Just imagine stepping into a painting workshop where beautiful works of art are being created. The teacher, an artist herself, welcomes everyone as artists. She gathers the class together for a few moments to demonstrate a brush stroke they might want to try. The class listens and watches and then on the signal, “Off you go,” returns to their own work of art to continue painting. Some artists are just starting by imagining what they will create; others are in the middle of their paintings and have decided to try the new brush stroke just shown by the teacher. Other artists are completing their paintings and proceeding to start new ones. As the artists work, the teacher circulates around the room coaching individual people. She gives encouraging words and may give suggestions on possible next steps. She may ask the artists to pause for a moment, so she can showcase a technique a particular artist is using and encouraging others to give it a try. As she walks, she notices a few artists needing the same technique to move them forward, so she gathers them together in a small group to show a brush stroke or a shading technique. At the end of the workshop, she gathers the artists together once again and asks for some to show what they have accomplished.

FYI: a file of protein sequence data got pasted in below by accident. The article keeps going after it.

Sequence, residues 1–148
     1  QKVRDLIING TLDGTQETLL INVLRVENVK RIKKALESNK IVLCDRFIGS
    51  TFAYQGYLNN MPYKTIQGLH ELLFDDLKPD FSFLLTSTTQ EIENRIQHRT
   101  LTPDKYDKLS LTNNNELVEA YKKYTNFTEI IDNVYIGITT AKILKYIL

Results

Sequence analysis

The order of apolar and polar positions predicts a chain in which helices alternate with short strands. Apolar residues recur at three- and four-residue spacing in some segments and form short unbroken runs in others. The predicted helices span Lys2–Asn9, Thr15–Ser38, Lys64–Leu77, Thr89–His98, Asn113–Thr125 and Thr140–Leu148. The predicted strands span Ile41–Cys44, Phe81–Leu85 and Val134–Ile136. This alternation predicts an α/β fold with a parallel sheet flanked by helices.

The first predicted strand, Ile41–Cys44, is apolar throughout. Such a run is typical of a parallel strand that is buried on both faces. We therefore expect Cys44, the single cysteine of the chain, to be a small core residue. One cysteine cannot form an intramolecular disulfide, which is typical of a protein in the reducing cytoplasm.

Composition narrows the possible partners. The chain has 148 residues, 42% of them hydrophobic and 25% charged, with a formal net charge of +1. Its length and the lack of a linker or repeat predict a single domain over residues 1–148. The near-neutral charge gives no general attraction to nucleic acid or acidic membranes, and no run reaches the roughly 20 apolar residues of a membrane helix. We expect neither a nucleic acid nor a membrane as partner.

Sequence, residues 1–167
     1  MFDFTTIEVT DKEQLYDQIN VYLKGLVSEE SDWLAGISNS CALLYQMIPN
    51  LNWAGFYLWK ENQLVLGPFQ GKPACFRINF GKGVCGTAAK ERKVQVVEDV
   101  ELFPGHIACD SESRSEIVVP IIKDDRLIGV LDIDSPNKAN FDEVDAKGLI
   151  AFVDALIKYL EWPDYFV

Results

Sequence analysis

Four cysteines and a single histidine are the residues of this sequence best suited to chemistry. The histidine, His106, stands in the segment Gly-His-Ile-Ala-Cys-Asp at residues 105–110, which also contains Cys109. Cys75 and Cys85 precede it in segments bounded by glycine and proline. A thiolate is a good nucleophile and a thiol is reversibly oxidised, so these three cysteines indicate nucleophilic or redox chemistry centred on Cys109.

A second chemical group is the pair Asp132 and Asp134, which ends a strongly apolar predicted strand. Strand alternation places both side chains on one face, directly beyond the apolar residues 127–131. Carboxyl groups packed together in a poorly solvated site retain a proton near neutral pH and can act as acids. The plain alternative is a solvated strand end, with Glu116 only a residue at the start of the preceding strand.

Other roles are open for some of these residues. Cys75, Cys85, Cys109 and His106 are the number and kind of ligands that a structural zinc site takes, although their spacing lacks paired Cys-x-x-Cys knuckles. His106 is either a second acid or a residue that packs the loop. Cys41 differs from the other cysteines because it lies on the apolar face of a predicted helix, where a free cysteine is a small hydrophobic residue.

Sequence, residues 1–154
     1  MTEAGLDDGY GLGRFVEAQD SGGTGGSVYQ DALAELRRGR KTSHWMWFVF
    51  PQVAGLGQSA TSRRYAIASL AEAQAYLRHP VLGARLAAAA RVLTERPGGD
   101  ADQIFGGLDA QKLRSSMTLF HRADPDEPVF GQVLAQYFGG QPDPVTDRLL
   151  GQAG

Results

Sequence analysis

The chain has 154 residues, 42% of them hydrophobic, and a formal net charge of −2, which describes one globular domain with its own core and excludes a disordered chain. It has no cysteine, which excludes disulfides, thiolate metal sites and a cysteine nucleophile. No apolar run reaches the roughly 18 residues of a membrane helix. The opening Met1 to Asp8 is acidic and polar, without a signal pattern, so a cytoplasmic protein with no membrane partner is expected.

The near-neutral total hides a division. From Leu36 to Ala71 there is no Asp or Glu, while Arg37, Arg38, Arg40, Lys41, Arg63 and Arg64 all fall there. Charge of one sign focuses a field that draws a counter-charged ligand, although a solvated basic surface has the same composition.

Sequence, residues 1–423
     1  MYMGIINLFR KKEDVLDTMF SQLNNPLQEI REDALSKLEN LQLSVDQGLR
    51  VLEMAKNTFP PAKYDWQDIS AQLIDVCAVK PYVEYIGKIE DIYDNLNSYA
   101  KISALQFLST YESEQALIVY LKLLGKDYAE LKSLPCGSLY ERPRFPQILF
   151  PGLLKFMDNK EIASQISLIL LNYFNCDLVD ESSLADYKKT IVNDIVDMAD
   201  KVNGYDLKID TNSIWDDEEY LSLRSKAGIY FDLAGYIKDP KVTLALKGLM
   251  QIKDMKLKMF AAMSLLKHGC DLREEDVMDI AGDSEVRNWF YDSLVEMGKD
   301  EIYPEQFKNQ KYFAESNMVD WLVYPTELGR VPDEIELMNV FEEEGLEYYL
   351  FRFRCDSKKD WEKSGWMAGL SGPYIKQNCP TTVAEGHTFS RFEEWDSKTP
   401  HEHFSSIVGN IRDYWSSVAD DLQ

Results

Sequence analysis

Reading and writing workshop is an environment just like the painting workshop. The teacher, a reader and a writer herself, welcomes her readers and writers to the workshop. She then conducts a short, whole group lesson that demonstrates what proficient readers and writers do. The teacher suggests the readers or writers use the strategy she just demonstrated as they go off to read their own self-selected books on their particular reading level or to write their own pieces on self-selected topics. As the readers and writers work, the teacher visits and confers with individuals to encourage and assess how to move them each forward as a reader or as a writer. She might briefly interrupt independent reading or writing time to share a strategy someone is using that others may want to try. The teacher may notice an area of weakness that several readers or writers need to overcome and then gathers them together to show them a strategy to make them more successful. At the end of each workshop, the teacher gathers the class together for a sharing time where they celebrate their successes as readers and as writers.
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